Incremental / Caching from Settings Plugins

How are settings plugins supposed to take advantage of caching or incremental build features?

The @Input* annotations appear to only be related to tasks, which aren’t applicable to Settings plugins.

In addition, if I hand roll my own caching mechanism and write files to the the build directory, it conflicts with the clean task. For example, If I run ./gradlew clean assemble It seems like the order of operations is settings evaluation → clean → assemble/build, so the clean task wipes out my newly created cache files and they won’t get saved.

Is there any best practice out there for implementing caching / incremental builds with settings plugins?

What exactly do you do in the settings plugin that warrants caching?
Maybe it is more an error to do such heavy computation in a settings plugin.
Maybe what you are after to speed up your builds is the configuration cache, which can skip all things and jump directly to task execution.

In my version catalog plugin I am saving the generated catalog to a TOML file. If the catalog exists I want to just load the file instead of regenerating it from scratch

If you really need to cache there, you should probably do it somewhere in gradle.projectCacheDir (which usually is .gradle in the root project directory, but can be changed to be a different location by the user, so better not hard-code it)

I’m not seeing an accessor to projectCacheDir anywhere, do you know where to find it? Also would the clean task properly remove my files from there?

No it doesn’t, that’s why I said it.
Sorry, my fault, not gradle.projectCacheDir, but gradle.startParameter.projectCacheDir.

I can use buildFinished but looks like that’s being deprecated

 try {
  config.settings.gradle.buildFinished {
      cachedPath, // user supplied path, but works with build directory
} catch (e: IOException) {
  logger.warn("error creating cached library file {}", cachedPath, e)

I feel like the available functionality for settings plugins is very limited compared to project plugins

Actually, I think anything you can do from a project plugin should also be doable from a settings plugin and more.
But yeah, project plugins are the main extension point you should use.
You can also have a project plugin and a settings plugin and apply the project plugin from the settings plugin if that really is what you want to do.

buildFinished should indeed not be used. You can instead either create a shared build service that is also an operation completion listener and an autocloseable and register it as task completion listener, then the close method will be executed between the last task finishing to run and the end of the whole build. Or you can use the new and incubating Dataflow Actions.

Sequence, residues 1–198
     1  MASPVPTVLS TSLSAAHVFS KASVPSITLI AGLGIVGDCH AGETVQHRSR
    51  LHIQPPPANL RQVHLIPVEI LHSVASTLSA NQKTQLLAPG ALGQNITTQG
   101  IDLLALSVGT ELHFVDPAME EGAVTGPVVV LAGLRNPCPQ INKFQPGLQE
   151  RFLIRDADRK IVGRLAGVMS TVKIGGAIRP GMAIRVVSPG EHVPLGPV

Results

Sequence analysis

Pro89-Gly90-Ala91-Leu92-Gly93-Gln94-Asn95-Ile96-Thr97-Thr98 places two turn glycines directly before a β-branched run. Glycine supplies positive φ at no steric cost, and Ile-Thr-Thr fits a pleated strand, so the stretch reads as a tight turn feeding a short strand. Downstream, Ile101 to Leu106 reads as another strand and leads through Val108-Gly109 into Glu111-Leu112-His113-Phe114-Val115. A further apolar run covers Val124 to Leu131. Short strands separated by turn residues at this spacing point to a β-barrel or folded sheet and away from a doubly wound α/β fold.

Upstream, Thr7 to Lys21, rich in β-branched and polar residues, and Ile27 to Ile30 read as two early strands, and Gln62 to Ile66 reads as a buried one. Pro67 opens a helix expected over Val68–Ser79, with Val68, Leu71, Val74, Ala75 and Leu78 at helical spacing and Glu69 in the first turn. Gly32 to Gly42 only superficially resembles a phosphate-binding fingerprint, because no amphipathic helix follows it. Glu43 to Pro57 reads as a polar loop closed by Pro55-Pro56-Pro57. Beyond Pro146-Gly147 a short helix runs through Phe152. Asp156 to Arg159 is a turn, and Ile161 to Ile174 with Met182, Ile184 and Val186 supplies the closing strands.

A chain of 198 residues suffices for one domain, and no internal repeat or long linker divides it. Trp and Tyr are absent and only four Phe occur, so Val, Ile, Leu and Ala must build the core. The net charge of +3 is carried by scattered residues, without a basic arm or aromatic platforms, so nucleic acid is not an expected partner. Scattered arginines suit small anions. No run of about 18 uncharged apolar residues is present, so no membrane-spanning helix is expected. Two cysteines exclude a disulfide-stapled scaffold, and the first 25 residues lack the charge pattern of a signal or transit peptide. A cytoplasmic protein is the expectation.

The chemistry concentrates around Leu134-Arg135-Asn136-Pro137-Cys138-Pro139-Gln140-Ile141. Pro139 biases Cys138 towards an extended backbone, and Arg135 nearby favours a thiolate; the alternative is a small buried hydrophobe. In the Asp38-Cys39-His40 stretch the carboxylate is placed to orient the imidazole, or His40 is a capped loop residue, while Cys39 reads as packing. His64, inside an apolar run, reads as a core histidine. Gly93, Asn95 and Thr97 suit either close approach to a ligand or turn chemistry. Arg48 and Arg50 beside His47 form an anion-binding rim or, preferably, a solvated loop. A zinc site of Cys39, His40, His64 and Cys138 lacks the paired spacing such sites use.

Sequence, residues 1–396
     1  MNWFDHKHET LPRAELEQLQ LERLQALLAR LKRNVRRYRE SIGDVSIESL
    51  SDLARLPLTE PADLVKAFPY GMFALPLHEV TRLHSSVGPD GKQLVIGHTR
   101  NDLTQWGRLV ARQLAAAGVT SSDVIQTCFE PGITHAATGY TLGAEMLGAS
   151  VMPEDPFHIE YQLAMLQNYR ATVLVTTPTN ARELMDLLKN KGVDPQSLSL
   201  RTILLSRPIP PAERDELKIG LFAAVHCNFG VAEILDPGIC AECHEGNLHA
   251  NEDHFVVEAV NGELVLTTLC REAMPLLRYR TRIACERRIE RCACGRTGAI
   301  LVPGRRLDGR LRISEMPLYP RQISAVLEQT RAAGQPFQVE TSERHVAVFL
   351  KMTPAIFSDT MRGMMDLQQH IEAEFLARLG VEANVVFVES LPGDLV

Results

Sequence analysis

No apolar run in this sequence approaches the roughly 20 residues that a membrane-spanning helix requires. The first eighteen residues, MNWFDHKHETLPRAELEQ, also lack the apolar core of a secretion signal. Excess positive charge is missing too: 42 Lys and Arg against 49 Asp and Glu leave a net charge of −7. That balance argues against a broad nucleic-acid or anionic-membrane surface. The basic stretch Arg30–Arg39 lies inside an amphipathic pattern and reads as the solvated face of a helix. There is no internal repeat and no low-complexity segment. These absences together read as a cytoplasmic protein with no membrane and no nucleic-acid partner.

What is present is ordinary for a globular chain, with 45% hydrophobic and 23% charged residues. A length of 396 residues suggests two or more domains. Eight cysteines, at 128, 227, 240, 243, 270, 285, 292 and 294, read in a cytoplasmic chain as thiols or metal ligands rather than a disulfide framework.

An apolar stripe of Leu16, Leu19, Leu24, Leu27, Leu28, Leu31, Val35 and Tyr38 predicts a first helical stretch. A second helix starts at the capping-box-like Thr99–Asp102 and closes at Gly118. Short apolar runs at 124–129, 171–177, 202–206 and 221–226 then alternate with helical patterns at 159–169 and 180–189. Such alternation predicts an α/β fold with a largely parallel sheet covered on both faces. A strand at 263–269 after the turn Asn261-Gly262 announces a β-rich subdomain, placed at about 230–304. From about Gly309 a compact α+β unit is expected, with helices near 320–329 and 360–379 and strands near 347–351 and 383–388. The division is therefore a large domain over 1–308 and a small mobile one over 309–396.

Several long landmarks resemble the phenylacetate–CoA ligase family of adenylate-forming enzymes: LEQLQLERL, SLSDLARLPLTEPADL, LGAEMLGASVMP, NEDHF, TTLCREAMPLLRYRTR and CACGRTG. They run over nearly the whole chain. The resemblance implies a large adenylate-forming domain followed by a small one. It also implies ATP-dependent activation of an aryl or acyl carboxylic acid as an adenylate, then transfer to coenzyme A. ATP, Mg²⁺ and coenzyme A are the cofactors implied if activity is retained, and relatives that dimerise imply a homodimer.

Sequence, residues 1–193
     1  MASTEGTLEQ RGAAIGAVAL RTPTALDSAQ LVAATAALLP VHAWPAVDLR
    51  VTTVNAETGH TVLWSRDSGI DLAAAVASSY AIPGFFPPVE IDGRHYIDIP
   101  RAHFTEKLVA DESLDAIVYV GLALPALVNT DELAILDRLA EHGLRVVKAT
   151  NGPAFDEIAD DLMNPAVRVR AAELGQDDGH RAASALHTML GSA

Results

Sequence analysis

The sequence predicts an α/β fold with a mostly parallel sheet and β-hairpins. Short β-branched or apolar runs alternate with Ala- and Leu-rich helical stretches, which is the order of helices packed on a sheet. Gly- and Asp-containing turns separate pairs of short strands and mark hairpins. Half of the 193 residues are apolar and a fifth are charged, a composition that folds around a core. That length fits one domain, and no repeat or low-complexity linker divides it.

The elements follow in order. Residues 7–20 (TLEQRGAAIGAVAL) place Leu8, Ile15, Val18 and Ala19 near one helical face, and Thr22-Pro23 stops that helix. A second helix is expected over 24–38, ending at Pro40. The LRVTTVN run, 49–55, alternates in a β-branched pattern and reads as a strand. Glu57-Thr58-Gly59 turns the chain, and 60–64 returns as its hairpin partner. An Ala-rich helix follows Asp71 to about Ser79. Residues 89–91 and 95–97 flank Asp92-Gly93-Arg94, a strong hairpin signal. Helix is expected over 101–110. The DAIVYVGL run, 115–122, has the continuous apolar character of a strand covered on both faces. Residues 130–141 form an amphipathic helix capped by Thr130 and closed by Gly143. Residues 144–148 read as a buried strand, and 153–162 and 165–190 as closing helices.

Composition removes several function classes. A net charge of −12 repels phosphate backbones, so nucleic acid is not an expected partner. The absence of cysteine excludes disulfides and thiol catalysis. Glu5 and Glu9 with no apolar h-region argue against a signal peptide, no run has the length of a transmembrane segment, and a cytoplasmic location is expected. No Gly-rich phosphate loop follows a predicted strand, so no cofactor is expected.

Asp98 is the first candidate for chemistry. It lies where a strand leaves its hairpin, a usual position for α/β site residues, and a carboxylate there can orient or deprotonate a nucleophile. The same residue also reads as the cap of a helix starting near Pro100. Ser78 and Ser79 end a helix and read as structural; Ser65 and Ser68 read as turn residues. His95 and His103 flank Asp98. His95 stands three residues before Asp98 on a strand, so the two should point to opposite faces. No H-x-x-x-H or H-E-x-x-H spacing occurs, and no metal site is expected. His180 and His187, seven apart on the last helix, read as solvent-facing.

The build service and Dataflow actions look interesting, thanks for the info. Do you have any examples of applying plugins to projects from a setting plugin? Usually when I try to access projects from settings plugins I get an exception because the projects haven’t been initialized yet.

gradle.projectsEvaluated {
    gradle.allprojects {

thanks, this is helpful. I did some experimenting and I think I can use this approach and just add a custom task. The below seems to be working well and handling how I want it to.

EDIT: After I wrote this I realized this will only work for saving. I don’t have any way of getting the the layout.buildDirectory value before the project is evaluated, but I need to create / generate the version catalogs before that step

settings.gradle.projectsEvaluated {
  registerSaveTask(rootProject, fileName, contents)

fun registerSaveTask(project: Project, fileName: String, contents: String) {
        with(project) {
            val task =
                tasks.register<SaveTask>("save${fileName}") {
abstract class SaveTask : DefaultTask() {
    @get:Input abstract val contents: Property<String>
    @get:OutputDirectory abstract val destinationDir: DirectoryProperty
    @get:OutputFile abstract val destinationFile: RegularFileProperty

    fun save() {
        with(destinationDir.get()) {

I thought you want to not store it in the build directory which is deleted by clean.

Apologies for the confusion, I do want to store in build and I do want clean to remove the files.

The issue I was encountering was based on the order of operations:

  1. settings plugin run
  2. clean

So if you run ./gradlew clean assemble, my plugin code stores the artifacts in the build folder but then the clean task removes them right after.

However, if instead you do

  1. ./gradlew clean
  2. ./gradlew assemble

Everything works, but that is not great experience for the user.

Ah, I see. Yeah, then registering a task that stores the file might be what you want. :slight_smile: